VirScan, which is a customized version of a technique called phage display, allowed Wilson’s team to probe the spinal fluid of AFM patients for signs of an immune response against enterovirus and thousands of other viruses simultaneously.

“When there’s an infection in the spinal cord, antibody-making immune cells travel there and make more antibodies. We think finding antibodies against enterovirus in the spinal fluid of AFM patients means the virus really does go to the spinal cord. This helps us lay the blame on these viruses,” said Ryan Schubert, MD, a clinical fellow in UCSF’s Department of Neurology, a member of Wilson’s Lab, and lead author of the new study.

The researchers created molecular libraries consisting of nearly 500,000 small chunks of every protein found in the over 3,000 viruses known to infect vertebrates (including humans), as well as those that infect mosquitoes and ticks (an effort to rule out disease transmission through their bites). They then exposed these molecular libraries to spinal fluid obtained from 42 children with AFM and, as a control, 58 who were diagnosed with other neurological diseases. Any chunks of viral protein cross-reacting with any antibodies present in the spinal fluid would provide evidence for a viral infection in the central nervous system.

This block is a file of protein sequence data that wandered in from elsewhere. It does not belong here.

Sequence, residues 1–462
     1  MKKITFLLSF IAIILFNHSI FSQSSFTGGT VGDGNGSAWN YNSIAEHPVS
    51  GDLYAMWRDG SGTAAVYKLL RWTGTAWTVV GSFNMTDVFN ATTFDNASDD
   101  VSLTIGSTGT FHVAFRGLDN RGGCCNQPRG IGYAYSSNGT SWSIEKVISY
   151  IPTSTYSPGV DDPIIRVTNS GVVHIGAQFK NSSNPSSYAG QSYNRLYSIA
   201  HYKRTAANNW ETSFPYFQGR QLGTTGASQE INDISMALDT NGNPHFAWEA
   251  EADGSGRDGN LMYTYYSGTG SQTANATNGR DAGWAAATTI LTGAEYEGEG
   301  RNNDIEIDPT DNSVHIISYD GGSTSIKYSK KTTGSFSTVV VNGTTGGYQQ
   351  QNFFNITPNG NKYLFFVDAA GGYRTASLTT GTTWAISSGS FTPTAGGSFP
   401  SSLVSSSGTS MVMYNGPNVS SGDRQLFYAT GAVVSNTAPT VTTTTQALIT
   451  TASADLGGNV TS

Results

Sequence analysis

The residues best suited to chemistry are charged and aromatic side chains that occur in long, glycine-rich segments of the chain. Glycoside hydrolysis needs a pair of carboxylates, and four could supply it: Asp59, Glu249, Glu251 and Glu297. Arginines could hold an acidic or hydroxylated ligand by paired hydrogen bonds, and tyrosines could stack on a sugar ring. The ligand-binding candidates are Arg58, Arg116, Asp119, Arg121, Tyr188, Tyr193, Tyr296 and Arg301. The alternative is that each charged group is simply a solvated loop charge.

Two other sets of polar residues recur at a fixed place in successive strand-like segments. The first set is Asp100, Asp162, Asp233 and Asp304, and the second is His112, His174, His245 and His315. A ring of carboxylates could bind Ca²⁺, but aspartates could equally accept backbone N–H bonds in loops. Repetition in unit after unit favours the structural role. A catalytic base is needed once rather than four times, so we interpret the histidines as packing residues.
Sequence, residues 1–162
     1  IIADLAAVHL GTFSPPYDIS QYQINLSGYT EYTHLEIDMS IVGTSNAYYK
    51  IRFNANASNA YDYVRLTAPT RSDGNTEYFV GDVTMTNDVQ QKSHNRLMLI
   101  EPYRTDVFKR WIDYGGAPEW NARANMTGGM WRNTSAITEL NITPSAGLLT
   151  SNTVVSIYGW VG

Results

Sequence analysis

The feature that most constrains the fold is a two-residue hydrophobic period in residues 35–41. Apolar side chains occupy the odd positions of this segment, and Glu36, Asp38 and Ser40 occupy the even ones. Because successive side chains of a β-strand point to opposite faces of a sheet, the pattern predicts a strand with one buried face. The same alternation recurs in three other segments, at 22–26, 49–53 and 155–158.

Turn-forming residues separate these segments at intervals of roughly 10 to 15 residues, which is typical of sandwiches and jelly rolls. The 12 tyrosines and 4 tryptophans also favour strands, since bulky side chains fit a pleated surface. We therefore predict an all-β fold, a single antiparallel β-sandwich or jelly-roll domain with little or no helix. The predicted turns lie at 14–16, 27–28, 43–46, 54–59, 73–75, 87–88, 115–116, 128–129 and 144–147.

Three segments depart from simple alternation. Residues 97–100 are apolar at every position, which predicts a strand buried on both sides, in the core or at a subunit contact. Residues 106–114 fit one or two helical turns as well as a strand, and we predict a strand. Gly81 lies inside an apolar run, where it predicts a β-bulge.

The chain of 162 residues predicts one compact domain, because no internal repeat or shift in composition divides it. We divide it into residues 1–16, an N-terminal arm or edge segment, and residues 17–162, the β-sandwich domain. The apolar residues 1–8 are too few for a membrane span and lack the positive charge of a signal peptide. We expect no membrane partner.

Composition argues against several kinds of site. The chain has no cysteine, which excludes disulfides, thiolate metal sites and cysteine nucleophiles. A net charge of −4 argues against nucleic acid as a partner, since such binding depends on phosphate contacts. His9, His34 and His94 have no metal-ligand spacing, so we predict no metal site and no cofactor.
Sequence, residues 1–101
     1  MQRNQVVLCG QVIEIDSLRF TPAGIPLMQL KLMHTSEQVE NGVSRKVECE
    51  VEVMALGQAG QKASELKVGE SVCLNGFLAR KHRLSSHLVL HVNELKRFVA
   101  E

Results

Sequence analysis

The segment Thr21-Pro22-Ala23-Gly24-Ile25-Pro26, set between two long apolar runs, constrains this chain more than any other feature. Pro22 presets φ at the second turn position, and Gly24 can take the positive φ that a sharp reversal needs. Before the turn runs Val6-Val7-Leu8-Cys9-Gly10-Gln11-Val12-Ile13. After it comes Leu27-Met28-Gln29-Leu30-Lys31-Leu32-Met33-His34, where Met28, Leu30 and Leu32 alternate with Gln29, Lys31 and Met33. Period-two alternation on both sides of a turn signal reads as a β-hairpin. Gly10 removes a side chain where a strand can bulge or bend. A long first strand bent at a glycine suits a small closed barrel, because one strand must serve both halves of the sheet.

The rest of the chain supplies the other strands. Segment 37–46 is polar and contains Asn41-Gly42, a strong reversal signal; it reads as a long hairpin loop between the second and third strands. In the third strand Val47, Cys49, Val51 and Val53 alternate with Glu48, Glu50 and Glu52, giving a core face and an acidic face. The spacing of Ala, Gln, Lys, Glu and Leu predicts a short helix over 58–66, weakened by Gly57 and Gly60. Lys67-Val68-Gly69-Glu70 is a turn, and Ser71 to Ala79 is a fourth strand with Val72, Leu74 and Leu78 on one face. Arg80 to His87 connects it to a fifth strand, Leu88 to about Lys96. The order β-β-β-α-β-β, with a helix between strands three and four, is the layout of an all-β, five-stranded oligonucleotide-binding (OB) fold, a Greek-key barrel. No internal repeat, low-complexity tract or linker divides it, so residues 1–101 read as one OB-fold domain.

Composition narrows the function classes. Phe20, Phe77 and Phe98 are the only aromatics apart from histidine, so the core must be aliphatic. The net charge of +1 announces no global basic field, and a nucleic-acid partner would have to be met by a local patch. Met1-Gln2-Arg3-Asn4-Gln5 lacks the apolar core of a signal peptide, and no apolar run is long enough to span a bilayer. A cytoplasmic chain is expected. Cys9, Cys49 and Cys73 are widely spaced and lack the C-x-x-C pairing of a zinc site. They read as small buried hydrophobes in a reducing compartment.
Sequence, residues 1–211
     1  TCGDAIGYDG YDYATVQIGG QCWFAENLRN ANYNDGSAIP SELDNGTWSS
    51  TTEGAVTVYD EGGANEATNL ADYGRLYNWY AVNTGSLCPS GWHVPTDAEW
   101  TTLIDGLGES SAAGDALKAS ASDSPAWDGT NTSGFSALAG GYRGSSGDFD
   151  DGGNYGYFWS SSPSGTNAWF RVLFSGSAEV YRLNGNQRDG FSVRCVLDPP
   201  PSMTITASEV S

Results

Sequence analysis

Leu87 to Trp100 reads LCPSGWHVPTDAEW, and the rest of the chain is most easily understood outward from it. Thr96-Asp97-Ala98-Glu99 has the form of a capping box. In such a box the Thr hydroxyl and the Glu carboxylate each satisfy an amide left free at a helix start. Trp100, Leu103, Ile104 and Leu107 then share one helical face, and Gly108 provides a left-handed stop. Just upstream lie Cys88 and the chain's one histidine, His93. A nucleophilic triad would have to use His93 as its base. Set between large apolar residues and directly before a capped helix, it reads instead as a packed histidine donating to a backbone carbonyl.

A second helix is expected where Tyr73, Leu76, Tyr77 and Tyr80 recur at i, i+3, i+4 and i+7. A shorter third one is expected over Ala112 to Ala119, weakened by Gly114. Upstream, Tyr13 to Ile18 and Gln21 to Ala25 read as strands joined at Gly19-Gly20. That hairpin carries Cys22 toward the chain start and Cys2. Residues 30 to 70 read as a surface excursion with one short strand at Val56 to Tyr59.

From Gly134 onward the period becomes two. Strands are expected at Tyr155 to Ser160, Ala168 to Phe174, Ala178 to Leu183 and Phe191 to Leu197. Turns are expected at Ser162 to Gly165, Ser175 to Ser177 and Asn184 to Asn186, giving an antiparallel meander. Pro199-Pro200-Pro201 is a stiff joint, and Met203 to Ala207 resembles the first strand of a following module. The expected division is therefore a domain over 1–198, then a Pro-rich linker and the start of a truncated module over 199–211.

Antibodies against enterovirus were found in the spinal fluid of nearly 70 percent of AFM patients; less than seven percent of non-AFM patients tested positive for these antibodies. Furthermore, because spinal fluid from AFM patients did not contain antibodies against any other virus, every other known virus could be eliminated as a possible culprit.

Though the study provides the most robust evidence so far that enteroviruses cause AFM, many questions around AFM and these viruses remain unanswered. For example, though the AFM-causing enterovirus strains – EV-D68 and EV-A71 – were identified decades ago, they only recently seemed to have gained the ability to cause paralysis, with the D68 strain in particular responsible for the most severe cases of AFM.

“Presumably there are changes that are causing the virus to be more neurovirulent, but no one knows for sure what they are,” Schubert said.

Also, because enteroviruses are extremely common, scientists are still trying to figure out why fewer than one percent of infected children get AFM, and they’re also trying to understand why children are the only ones affected.

“We don’t know for sure why children get paralysis and adults don’t,” Schubert said. “The thinking is that young children have low immunity to the virus that increases as they get older, so we see the most severe effects in children around the age of two. But more work needs to be done to understand AFM.”

For now, there’s no way to prevent or treat AFM. But if it follows the biennial pattern first established after the 2012 outbreak, AFM cases may spike again next year.

UCSF has the release.